Overestimating Turkey’s influence in the Middle East


Turkey’s desire to re-orient its foreign policy towards the Middle East and gain influence with the Arab Awakening seems to have been undone by its approach towards the Syrian conflict.

Christopher Sisserian
9 September 2012

Last week’s images of the returning Lebanese hostage captured in Syria, arriving from Turkey and sporting a red tie bearing the Turkish flag were a clear signal of Turkey’s desire to boost its image and re-position itself in the Middle East [see image here ]

Turkey’s aspirations to become a larger player in the Middle East, building on the zero problems with the neighbours policy developed by foreign minister Davutoglu, have drawn much international attention. The stalling of Turkey’s talks to join the EU can partly explain Turkey turning its back on Europe and as a result finding itself facing the other way, towards the Middle East. Labelled as neo-Ottomanism, the new approach has been viewed as a return to Turkey’s colonial past, as the successor state to the Ottoman Empire that once ruled most of the region. Many commentators, especially in Europe (perhaps to offer compensation for the stagnation of EU ascension talks), jumped the gun and labelled this shift the ‘emergence of Turkey as a global power that would come to shape the Syrian conflict’, before it had managed to properly establish itself as a regional one, as demonstrated by this Spiegel article. published in April this year.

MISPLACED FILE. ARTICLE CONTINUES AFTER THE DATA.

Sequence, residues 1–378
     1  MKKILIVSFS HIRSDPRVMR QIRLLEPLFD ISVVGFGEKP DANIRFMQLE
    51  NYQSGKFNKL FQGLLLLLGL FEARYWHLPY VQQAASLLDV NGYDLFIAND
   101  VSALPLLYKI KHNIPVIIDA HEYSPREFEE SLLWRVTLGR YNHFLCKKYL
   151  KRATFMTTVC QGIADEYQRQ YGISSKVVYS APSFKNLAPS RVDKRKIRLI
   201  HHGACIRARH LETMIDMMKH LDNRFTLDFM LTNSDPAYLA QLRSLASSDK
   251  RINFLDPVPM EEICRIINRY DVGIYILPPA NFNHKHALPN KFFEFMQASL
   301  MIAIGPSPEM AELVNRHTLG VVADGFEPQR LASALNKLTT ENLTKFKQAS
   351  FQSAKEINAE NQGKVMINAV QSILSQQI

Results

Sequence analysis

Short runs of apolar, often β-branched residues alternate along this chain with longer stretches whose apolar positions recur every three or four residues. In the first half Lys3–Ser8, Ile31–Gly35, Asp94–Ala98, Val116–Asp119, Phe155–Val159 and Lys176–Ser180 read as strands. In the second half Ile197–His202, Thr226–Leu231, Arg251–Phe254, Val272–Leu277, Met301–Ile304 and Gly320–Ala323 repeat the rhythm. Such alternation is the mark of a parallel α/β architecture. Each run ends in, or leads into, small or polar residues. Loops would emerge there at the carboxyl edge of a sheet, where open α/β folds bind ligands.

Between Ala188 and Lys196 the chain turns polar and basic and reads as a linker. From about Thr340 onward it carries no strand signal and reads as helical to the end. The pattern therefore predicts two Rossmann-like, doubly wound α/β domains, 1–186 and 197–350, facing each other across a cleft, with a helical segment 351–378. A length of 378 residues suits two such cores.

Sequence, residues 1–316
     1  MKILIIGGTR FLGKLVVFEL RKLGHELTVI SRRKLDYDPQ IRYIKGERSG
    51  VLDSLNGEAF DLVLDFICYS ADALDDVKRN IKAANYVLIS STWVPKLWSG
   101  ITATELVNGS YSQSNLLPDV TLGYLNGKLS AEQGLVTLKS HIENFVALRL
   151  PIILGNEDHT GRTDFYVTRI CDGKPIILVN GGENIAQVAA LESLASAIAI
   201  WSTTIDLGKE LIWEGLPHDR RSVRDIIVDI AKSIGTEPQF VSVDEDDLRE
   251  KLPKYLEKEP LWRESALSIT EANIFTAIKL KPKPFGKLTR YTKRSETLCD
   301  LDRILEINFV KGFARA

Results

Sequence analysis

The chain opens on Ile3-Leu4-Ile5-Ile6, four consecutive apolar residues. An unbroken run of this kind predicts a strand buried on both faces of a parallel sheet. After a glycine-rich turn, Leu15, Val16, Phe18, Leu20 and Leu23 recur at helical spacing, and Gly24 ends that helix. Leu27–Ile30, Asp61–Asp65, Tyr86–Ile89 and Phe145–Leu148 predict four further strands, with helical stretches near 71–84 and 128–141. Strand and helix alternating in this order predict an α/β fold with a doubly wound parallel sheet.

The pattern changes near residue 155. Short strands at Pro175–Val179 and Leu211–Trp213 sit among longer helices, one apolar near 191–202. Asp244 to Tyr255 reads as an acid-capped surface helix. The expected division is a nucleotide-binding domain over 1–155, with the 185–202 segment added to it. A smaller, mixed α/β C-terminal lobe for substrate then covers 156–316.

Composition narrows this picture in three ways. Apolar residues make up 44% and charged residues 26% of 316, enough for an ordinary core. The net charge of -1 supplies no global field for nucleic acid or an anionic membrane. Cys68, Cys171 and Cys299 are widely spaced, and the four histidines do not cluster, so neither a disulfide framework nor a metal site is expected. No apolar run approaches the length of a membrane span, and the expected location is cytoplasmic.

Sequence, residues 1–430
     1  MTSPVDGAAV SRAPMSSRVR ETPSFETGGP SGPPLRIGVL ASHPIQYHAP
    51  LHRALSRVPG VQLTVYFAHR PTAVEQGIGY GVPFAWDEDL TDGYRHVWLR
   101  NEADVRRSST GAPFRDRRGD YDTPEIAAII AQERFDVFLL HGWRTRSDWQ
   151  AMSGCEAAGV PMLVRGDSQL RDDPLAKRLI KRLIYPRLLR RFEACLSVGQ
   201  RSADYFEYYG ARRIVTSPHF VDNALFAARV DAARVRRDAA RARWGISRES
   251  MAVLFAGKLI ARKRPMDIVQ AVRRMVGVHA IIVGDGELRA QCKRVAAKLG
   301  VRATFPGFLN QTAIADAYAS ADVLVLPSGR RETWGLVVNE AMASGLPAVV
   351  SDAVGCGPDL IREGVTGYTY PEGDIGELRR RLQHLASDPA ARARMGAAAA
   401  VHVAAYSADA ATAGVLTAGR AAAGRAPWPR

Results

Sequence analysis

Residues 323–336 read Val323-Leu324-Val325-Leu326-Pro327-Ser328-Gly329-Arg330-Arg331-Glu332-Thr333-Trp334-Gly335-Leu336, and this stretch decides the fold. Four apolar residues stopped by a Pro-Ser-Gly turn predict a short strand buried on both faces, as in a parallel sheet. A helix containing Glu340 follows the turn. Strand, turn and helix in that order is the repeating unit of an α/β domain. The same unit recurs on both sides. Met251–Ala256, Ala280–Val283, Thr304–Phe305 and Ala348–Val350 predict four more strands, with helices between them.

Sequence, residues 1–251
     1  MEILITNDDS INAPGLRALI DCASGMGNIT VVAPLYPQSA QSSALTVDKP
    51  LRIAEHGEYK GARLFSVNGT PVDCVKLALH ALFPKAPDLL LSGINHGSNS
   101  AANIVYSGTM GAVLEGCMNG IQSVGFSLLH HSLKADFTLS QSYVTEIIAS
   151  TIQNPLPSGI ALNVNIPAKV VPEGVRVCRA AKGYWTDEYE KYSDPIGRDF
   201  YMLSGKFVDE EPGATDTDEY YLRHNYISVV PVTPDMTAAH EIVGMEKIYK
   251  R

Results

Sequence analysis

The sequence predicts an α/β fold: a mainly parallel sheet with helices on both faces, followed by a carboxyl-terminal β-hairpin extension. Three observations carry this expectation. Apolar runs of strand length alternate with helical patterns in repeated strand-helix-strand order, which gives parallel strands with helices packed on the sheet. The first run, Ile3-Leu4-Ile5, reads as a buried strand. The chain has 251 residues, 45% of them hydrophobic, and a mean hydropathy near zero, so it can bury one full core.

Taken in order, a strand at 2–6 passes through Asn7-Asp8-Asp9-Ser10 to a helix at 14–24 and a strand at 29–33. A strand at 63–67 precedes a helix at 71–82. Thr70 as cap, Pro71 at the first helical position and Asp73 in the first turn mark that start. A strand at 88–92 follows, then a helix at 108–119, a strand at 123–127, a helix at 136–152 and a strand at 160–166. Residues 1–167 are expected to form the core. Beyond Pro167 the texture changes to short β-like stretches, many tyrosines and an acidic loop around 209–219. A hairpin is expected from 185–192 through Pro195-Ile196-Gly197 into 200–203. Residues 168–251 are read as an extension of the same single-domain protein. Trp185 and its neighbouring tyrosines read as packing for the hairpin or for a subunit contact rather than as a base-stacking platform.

However far from being an opportunity to showcase its leadership in determining the fate of Syria, the Syrian crisis seems to have halted Turkey’s own regional ambitions and provided the final nail in the coffin for the zero problems approach. Instead of developing friendly ties, Turkey now seems to have problems with all of its neighbours. Aside from the old issues with Greece, Cyprus and Armenia, relations with Middle Eastern states began to deteriorate with the suspension of relations with Israel following the flotilla incident. Earlier this year the Iraqi Prime Minister labelled Turkey a “hostile state” and tensions remain high with the country, which is currently reviewing its relations with Turkey. Tensions with Iran are also constantly increasing as a result of Turkey’s position on Syria.

Before the Syrian uprising, Turkey was a strong ally of Assad with improved relations with Syria being the jewel in the crown of Turkey’s rising influence in the region. However the speed with which this was abandoned in favour of supporting the Syrian rebels will make it difficult for Turkey to be viewed as a reliable partner in a region where the past is rarely forgotten and more likely to be brought up at any available opportunity.  The strong stance taken by Turkey in supporting the Free Syrian Army has also alienated many that would have been open to it potentially playing a greater role. Rather than building on past attempts at mediation, primarily between Syria and Israel as well as on the Iranian nuclear issue, and acting as the neutral mediator that many had hoped it would, Turkey is now viewed as having chosen sides in a conflict that is not its own. This coupled with the hypocrisy of supporting an armed rebellion in Syria whilst simultaneously suppressing its own armed Kurdish rebels (see below) has damaged Turkey’s credibility in the region.